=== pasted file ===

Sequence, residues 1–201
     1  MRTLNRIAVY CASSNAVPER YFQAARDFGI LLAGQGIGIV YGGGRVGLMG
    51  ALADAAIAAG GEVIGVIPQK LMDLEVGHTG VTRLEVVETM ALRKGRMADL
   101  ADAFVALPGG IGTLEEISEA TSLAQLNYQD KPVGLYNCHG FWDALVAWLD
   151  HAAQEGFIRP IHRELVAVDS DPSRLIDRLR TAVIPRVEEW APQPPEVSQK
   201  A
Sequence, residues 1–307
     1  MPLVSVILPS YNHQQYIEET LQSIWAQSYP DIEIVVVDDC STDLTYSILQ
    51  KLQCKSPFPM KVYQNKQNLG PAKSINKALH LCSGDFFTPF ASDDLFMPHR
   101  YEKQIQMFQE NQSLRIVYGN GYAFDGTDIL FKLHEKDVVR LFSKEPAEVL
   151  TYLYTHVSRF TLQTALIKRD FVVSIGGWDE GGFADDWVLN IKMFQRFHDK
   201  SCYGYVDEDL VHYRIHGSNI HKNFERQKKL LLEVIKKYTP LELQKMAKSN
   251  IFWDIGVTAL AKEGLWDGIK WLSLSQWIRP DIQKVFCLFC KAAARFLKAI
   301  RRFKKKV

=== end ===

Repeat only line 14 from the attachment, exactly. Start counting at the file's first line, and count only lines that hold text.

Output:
   301  RRFKKKV